Tulsi oil at concentrations of 4.5 and 2.25% completely inhibited the growth of S. aureus, including MRSA and E. coli, while the same concentrations only partly inhibited the growth of P. aeruginosa (Figure 1). The MBC results showed that Tulsi essential oil had only bacteriostatic activity against the examined bacterial strains. Viable bacterial counts were not measured because the plates were confluent indicating bacteriostatic activity. Statistical analysis of the spectrophotometric results showed that both the concentration of Tulsi oil and bacterial species used significantly affected the amount of growth (P < 0.05) (Table 1). The percentage of bacterial growth was lower overall when bacteria were treated with Tulsi oil at a concentration of 4.50% (17.29) and 2.23% (15.07) in comparison to 1.13% concentration (56.62). The main effect on the bacterial species growth for all essential oil concentrations was significant as well. The percentage of bacterial growth was lower for S. aureus (13.03), MRSA (18.58), and E. coli (17.99) than for P. aeruginosa (68.78). Overall, P. aeruginosa showed higher resistance to the antibacterial treatment with Tulsi oil, compared to three other bacteria used in the test. On the other hand, the mean difference of the percentage of bacterial growth between S. aureus, MRSA and E. coli was not significant p > 0.05.
FIGURE 1. The antimicrobial effect of different concentrations of Tulsi essential oil on the growth rate of four bacterial strains.
TABLE 1. Analysis of variance (ANOVA) main effect of independent variables: tests of between-subjects effects.
Tulsi Volatile Composition
The analysis of the Tulsi leaves, inflorescence and essential oil by HS-SPME and GC/MS resulted in the identification of 54 volatile components (Table 2). The most abundant of the volatile components were monoterpenes and sesquiterpenes; in particular monoterpenes such as camphor, cineole, estragol, and eugenol, followed by sesquiterpenes, such as germacrene, caryophyllene, bisabolene. Nineteen major compounds were present in all samples from all parts of the plant, but at different concentrations. Overall, there were no major differences between the presence of the most prevalent volatile compounds identified from the leaves, inflorescence, and the essential oil, but minor compounds were frequently identified in only one or more sample types. The most common compound detected was camphor, with slightly different concentrations in the essential oil (31.5%), leaves (24.2%), and inflorescence (22.6%). This was followed by eucalyptol with higher concentration in both essential oil and leaves (18.9 and 13.47%, respectively) than in the inflorescence (1.2%). The third most commonly identified compound was eugenol that comprised 23.7% of the total volatile compounds in the leaves, 13.8% in the essential oil and 7.5% in inflorescence.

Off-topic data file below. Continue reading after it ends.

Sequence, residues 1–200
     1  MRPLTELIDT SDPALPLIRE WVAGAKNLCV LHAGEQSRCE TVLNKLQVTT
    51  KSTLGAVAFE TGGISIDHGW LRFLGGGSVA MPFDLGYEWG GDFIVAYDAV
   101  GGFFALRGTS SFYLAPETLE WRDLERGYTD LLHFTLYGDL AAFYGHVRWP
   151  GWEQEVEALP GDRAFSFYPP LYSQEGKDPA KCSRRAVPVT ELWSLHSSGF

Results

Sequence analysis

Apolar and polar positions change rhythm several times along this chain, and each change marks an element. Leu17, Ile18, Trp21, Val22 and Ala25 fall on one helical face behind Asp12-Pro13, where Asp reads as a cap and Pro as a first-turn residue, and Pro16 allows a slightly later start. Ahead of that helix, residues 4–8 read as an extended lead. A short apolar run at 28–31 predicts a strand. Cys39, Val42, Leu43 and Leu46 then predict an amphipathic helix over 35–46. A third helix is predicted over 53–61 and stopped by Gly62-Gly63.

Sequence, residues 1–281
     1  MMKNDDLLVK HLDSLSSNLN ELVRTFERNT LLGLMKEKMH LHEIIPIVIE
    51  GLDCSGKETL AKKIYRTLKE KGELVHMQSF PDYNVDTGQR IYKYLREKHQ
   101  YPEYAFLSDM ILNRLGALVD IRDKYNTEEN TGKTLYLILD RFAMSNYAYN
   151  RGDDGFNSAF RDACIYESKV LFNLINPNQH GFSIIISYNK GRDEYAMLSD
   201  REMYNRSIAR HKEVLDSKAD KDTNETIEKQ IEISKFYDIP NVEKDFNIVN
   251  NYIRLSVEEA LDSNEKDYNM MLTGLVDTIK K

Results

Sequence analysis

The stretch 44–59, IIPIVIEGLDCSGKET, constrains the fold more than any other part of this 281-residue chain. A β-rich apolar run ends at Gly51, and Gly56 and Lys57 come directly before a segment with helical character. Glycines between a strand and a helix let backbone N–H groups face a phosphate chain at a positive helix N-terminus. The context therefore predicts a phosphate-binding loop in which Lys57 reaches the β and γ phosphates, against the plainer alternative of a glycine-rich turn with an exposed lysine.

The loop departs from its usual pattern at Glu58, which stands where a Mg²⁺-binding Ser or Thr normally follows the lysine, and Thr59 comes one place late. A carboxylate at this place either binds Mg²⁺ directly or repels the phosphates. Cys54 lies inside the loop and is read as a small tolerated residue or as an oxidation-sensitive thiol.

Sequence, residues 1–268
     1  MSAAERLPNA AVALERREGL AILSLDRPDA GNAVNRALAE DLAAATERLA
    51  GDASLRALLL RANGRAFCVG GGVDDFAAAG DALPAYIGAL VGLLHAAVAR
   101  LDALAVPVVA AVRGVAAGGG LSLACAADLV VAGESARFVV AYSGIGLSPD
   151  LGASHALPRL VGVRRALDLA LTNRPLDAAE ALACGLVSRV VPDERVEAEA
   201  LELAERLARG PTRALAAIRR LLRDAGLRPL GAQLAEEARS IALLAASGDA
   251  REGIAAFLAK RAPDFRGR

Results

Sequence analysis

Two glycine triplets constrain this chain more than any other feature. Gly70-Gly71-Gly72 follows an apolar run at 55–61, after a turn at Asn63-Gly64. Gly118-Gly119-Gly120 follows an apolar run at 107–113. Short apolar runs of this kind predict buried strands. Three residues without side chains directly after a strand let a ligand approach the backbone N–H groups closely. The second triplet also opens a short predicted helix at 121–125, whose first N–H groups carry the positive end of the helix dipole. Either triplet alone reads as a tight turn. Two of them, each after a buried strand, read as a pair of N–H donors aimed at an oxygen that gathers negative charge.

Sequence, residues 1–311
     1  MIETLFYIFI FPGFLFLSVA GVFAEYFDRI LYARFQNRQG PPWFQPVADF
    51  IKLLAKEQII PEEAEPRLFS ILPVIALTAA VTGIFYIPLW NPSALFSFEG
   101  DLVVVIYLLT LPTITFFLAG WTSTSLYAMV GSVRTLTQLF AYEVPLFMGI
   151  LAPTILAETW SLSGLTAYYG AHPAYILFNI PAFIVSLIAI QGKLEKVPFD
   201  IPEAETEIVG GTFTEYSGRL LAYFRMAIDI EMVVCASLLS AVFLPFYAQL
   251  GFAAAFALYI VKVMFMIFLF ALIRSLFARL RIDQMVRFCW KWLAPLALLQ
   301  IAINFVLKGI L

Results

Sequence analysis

TABLE 2. Volatile compounds extracted from flower spikes, flower with nectar, and leaves of Tulsi using HS-SPME/GC-MS.
Similar to the present study, Medina-Holguín et al. (2007) reported that the volatile compounds from fresh plant material displayed different compositions from those of the essential oil extracted from the same plants. Therefore, it is informative to compare the proportions of the different volatile compounds in different parts of the plant. Monoterpenes, especially eugenol, and estragole were present in the highest amounts in the leaves (23.7 and 9.6%, respectively), while sesquiterpenes ocimene (9.30%), caryophyllene- β (4.9%), bergamotene (2.8%), germacrene (11.3%), beta bisabolene, (10.7%), and alpha bisabolene (16.7%) were more prevalent in the inflorescence. Conversely, some volatile compounds were absent from the oil and detected only in the leaves or inflorescence but in trace amounts (<1%) at each site.
The cytotoxicity of the extracts decreased in relation to decreasing concentration. The cell viability decreased by less than 20% when the cells were treated with a concentration of 20 mg/ml. Both essential oil and concentrated leaf extract concentrations of 20 mg/ml were within the expected range as this concentration led to decreased cell viability by less than 20% and therefore were not considered cytotoxic. Concentrations below 20 mg/ml had no effect on the cell viability results, as shown in Figure 2.
The Antimicrobial Activity of Tulsi Essential Oil